( ( = = )

)( ( )(

) )

.. (4.7) ... (4.8)

(4.9) (4.10)

From equation (4.9) and (4.10) we get,

45

(4.11)
Next, the average power supplied by the source must be same as the average power absorbed by the load.

. (4.12)

.... (4.13) (4.14)


Where, IL1=Is and IL2=Io. In practical circuits, the assumption of a nearly constant Its relationship to the duty cycle (D) is: If 0 < D < 0.5 the output is smaller than the input. If D = 0.5 the output is the same as the input. If 0.5 < D < 1 the output is larger than the input. is reasonably valid.

Benefits: 1) An advantage of this circuit is that both the input current and the current feeding the output stage are reasonably ripple free. It is possible to simultaneously eliminate the ripples in iL1 and iL1 completely, leading to lower external filtering requirements. 2) This converter is also able to step up and down the voltage. It uses a capacitor as the main energy storage. As a result, the input current is continuous. 3) This circuit has low switching losses and high efficiency. 4) This converter does not allow electromagnetic interference like others.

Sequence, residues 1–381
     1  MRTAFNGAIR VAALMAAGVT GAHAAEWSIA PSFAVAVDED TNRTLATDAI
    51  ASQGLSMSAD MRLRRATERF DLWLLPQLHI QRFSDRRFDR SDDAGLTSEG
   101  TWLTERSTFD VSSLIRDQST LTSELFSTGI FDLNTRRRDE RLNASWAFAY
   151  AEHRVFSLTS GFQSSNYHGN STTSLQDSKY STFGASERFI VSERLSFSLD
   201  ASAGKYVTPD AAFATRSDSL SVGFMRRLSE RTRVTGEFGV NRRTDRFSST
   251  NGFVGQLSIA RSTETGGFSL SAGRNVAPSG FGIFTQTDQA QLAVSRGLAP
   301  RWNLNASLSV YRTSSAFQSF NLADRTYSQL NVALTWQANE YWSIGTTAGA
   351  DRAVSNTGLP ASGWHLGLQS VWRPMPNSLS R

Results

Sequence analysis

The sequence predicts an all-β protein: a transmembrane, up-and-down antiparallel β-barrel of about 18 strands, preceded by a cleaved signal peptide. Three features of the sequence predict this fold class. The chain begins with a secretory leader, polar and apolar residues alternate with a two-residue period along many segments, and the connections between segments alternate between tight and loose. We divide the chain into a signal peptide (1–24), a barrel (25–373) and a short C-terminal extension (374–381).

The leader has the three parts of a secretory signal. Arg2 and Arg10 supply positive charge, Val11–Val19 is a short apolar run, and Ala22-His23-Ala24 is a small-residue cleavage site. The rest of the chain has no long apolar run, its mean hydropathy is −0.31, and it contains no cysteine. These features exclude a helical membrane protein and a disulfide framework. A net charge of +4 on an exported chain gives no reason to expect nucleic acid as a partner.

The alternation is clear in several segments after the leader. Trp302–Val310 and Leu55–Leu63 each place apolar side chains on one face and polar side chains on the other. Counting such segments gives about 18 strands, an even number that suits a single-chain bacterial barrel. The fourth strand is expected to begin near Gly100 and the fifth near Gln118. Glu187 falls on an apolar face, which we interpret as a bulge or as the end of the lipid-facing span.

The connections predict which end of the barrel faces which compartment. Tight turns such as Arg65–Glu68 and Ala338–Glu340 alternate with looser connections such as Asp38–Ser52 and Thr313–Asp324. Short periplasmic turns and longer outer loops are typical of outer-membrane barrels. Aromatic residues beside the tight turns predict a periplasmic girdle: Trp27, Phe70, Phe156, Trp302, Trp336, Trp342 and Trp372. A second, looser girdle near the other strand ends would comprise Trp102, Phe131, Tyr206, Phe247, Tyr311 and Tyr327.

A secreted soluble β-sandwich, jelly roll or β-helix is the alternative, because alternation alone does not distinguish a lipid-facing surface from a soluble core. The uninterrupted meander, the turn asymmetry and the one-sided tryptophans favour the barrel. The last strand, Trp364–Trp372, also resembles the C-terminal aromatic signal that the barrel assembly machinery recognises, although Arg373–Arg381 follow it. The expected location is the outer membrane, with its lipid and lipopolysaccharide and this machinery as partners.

46

Drawbacks: A significant disadvantage is the requirement of a capacitor C1 with a large ripplecurrent-carrying capability. In our thesis we have designed Cuk topology and simulated by P-Spice and implemented in hardware. For our design the value of C1, C2, L1, and L2 we have taken using the following formulas,
( )

. (4.15) .. (4.16)
.. (4.17) .............................. (4.18)